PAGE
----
EL PASO, Texas (WLS) -- A delegation of city officials has arrived in Texas for a visit to the U.S.-Mexico border amid the ongoing migrant crisis.
A small team of city aldermen delivered a message to the mayor of El Paso in a local gymnasium 1,500 miles away from City Hall.
"What we have shared with the mayor of El Paso is that there is no more room in Chicago. He gets it. What we have expressed is for whatever partners they have in Texas to help us in Chicago, which he is assigning now, and we started the conversations with the not for profits here to help us," said Ald. Will Hall.
The city's traveling delegation said the small border city that's a fraction of the size of Chicago is no longer feeling the financial strain and daily weight of supporting migrants on its own.
"What I saw down here was the federal government supports El Paso," Ald. Hall said. "There are a lot of funds that come into this city because this city is declared a disaster, so with that declaration from the federal government means they get a lot of money."
In their first hours on the ground in Texas, Chicago aldermen toured shelters in El Paso run by non-profits to set up a network, a long line of communication on both ends of the migrants' path.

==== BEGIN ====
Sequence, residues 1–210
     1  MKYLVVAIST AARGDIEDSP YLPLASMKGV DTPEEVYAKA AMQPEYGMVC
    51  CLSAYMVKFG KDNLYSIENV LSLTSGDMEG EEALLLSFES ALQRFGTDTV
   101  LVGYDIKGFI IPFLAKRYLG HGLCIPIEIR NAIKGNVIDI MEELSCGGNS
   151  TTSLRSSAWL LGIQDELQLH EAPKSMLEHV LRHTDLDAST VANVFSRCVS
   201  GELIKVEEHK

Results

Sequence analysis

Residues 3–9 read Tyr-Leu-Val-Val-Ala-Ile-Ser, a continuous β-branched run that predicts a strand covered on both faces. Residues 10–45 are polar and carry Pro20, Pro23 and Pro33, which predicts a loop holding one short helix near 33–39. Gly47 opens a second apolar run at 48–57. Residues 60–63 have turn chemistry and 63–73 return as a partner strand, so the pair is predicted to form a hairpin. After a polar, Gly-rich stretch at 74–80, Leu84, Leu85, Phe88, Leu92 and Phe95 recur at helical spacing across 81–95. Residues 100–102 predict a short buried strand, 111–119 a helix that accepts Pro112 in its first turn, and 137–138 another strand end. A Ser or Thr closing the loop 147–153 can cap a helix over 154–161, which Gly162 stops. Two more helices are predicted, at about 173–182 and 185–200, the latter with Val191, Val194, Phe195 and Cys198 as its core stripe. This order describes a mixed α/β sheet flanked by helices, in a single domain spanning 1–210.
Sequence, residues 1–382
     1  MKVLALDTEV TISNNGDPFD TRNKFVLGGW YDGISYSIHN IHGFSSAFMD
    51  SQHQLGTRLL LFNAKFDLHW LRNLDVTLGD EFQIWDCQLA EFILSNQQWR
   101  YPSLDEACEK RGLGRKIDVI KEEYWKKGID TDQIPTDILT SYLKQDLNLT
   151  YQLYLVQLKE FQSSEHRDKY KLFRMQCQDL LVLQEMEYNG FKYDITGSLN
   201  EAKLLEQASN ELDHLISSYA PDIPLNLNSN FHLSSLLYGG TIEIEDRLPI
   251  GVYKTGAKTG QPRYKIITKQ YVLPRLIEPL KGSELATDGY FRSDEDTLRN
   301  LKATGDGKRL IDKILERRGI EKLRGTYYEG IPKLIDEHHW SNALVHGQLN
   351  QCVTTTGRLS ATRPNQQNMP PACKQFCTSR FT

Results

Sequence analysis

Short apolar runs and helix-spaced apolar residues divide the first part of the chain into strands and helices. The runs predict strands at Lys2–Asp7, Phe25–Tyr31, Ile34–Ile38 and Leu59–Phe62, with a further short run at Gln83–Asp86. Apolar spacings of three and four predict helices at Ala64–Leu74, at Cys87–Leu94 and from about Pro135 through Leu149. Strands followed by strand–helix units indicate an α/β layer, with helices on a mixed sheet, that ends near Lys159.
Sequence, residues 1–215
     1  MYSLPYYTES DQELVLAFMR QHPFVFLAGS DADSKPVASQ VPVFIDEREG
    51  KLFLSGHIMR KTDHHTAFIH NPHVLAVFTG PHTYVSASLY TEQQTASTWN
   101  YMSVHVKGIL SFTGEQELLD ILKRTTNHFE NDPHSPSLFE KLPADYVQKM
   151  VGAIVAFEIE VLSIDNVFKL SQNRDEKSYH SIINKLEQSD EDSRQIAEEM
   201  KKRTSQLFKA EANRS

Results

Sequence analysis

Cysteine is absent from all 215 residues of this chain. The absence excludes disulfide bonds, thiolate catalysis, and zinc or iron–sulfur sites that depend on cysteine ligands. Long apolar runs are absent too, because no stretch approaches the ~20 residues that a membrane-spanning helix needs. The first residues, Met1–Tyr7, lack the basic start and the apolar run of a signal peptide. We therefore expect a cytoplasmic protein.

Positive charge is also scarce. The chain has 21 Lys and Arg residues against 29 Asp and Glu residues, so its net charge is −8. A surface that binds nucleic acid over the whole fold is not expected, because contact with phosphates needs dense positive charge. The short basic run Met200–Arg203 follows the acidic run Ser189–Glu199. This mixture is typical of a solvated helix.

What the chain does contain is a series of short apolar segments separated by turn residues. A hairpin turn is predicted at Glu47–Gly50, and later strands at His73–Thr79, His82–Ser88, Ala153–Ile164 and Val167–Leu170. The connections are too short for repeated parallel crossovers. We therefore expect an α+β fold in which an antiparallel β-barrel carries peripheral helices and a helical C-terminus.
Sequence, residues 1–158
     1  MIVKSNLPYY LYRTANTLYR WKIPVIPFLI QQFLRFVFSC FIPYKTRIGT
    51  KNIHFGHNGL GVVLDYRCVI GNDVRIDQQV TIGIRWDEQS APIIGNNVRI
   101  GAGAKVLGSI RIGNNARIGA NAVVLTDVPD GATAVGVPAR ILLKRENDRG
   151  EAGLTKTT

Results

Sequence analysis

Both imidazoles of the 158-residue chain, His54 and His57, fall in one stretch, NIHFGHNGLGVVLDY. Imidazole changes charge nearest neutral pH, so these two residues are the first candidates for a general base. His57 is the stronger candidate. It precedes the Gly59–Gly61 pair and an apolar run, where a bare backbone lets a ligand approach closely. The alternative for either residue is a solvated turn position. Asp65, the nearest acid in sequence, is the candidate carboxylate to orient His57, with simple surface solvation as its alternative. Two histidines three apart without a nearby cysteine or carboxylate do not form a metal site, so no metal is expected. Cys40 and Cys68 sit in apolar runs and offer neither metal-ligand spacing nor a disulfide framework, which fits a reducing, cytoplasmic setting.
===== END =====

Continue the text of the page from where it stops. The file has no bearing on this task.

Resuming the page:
In Chicago, more than 11,000 migrants are now in shelters, and more than 3,000 are sleeping in police stations and airports awaiting placement as the cold creeps in.
"I had a lot of conversations with not-for-profits, so we are going to begin to coordinate between not-for-profits in Texas and not-for-profits in Chicago. Something as simple as making sure that everyone that leaves El Paso has a coat," Ald. Hall said.
But city leaders said in just their first day the border it's abundantly clear that help from the federal government is crucial.
"Without a federal declaration from the president we are on our own," Hall said. "The gap that we see in our budget, the strain on our budget, is due to the fact that we do not have that federal declaration like they're doing here in El Paso."